How Biosensing Wearable Technology is Revolutionizing the Healthcare Industry – Part 2 – Apparel/Textile Wearables

Screen Shot 2016-05-09 at 3.55.27 PMLast week in the Engage Mobile blog we discussed the trends and dynamics of the current wearable healthcare technology market (check out our post here).  We identified the two broad categories of wearables–apparel/textiles, and devices.  

This week, we’ll explore the the apparel/textile sector in greater detail, identifying key wearable textile technologies, and how they interact with the healthcare industry.

 

Apparel Options Have Diversified to Include All Parts of the Body

From Google contact lenses that monitor glucose levels in diabetes patients, to Sensoria Smart Socks that analyze running technique, healthcare apparel has reached a level of sophistication previously found only in the world of science fiction.  


While many popular wearables (Apple Watch, Fitbit, etc.) utilize more traditional forms of compact mobile devices, the apparel and textiles wearables market consists of more avant-garde technology like smart clothing, smart tattoos, and Biostamps.

Textile-based “smart” clothing has become an increasingly important sector of wearables.  Smart clothing is made up of tiny sensors that can monitor heart rate, respiration levels, exercise techniques, etc.  Skintight and elaborate, these technologies help users plan and monitor their own exercise regimens and healthy lifestyles.  

Screen Shot 2016-05-09 at 3.56.40 PMA recent article explains that researchers at Ohio State University “have made another big breakthrough, managing to create embroidered circuits using metallic thread that’s just 0.1 mm thick…Depending on the pattern that’s embroidered, it’s possible to create many different useful products.” The article goes on to say that, “by embedding different patterns, the tech could be used to create everything from a t-shirt that boosts your cellphone signal, to a hat that tracks brain activity.” The possibilities and potential is incredible.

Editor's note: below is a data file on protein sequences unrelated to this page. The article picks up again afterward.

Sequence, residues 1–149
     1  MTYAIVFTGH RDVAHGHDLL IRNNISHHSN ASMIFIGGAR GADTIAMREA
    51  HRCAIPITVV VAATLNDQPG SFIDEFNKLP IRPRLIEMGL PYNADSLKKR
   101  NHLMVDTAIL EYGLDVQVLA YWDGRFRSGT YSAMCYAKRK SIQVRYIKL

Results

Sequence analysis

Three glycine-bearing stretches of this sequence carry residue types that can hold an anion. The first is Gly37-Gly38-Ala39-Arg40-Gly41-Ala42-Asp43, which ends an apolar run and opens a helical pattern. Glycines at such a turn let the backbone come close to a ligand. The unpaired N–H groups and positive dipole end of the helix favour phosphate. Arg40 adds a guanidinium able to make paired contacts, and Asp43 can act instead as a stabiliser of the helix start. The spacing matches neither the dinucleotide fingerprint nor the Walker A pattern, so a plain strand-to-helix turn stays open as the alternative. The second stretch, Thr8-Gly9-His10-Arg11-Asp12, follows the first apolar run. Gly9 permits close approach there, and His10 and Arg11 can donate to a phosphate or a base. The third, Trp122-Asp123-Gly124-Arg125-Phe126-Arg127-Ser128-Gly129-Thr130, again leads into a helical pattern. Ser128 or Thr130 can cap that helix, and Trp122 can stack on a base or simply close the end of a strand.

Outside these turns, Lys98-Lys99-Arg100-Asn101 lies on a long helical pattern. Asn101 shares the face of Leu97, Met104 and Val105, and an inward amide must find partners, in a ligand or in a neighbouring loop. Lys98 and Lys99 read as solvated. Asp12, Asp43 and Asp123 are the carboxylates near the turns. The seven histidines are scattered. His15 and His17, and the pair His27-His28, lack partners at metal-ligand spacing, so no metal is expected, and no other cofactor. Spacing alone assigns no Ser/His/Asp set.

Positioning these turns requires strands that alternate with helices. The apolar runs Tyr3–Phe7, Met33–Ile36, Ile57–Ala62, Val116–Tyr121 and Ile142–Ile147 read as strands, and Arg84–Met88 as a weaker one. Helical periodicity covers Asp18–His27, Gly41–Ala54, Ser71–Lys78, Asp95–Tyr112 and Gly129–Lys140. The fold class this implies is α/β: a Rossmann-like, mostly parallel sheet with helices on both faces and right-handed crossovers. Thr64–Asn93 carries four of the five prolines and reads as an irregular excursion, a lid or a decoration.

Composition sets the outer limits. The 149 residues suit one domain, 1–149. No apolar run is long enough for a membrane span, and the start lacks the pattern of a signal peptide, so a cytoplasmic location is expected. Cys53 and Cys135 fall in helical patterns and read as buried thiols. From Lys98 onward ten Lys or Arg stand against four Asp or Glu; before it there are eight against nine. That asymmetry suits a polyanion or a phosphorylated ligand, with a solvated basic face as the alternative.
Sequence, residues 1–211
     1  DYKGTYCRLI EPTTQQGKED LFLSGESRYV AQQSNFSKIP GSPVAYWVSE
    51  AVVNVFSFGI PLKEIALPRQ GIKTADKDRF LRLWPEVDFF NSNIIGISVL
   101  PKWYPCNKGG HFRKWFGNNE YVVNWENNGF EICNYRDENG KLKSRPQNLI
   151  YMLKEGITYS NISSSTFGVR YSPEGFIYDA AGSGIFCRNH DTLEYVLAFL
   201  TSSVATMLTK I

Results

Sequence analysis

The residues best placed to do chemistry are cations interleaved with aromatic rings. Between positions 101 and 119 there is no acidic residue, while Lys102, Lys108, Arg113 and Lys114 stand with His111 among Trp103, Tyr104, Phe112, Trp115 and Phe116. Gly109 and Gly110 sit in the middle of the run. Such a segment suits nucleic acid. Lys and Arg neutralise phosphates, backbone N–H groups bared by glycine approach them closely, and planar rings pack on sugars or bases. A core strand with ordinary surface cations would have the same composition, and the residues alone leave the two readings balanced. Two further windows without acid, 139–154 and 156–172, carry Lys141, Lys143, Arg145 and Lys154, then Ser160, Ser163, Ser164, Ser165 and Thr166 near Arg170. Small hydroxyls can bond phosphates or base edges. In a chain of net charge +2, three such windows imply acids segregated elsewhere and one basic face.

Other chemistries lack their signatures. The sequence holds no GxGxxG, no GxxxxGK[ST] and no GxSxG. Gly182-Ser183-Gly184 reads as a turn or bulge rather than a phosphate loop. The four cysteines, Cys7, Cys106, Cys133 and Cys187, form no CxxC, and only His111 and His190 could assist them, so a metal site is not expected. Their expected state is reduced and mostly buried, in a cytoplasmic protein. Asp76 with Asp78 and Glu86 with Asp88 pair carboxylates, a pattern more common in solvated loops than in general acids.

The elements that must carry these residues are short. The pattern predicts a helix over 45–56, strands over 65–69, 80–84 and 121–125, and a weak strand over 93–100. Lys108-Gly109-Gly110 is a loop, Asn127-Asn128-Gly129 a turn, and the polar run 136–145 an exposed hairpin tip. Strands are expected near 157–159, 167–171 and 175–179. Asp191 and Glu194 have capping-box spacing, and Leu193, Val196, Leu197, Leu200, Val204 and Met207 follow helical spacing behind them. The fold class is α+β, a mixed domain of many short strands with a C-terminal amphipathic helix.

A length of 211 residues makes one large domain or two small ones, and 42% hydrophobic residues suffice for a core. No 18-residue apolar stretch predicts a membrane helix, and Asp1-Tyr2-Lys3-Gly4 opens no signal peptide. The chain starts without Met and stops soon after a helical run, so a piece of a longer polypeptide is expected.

These systems are designed to integrate seamlessly into our lives and wardrobe.  As a recent Men’s Health Survey illustrates, popularity of wearables decreases as they become larger or more obtrusive (check out Engage Mobile’s recent post on this survey).  With discreteness as a goal, systems “are based on smart textile technologies, where conductive and piezoresistive materials in the form of fiber and yarn are used to realize clothes, in which knitted fabric sensors and electrodes are distributed and connected to an electronic portable unit,” according to the National Institute of Health. This apparel is designed to be comfortable, and improve patients’ quality of life.

One of the purposes of smart clothing is to monitor physiological symptoms and track patient data, which integrates into the patient-centric healthcare movement.  The benefits of these smart textiles can vary from improving exercise technique to managing pain and strain (such as the textile-based knee brace Quell Relief).  By combining innovative embroidered technology with healthcare-related functionality, the apparel/textiles wearables sector is emerging as a key player in the health space.

Apparel Sector is a Developing Industry

Screen Shot 2016-05-09 at 3.58.01 PMThe role of wearable technology in the healthcare industry is still being explored (check back soon for Engage Mobile’s post on the future of wearables).  The apparel/textile sector is currently less developed than the devices sector, but that will likely change.  A 2015 IDTechEx study indicated that apparel sensors will proliferate in the coming decade, both diversifying in options and growing in magnitude.  Patients, many of whom already use device-based health wearables like Fitbit, will doubtless continue to explore the wearables industry, branching into apparel and textiles.  And as that sector grows, technology functionality and patient autonomy will grow with it, ushering in a new age of patient-centric healthcare.

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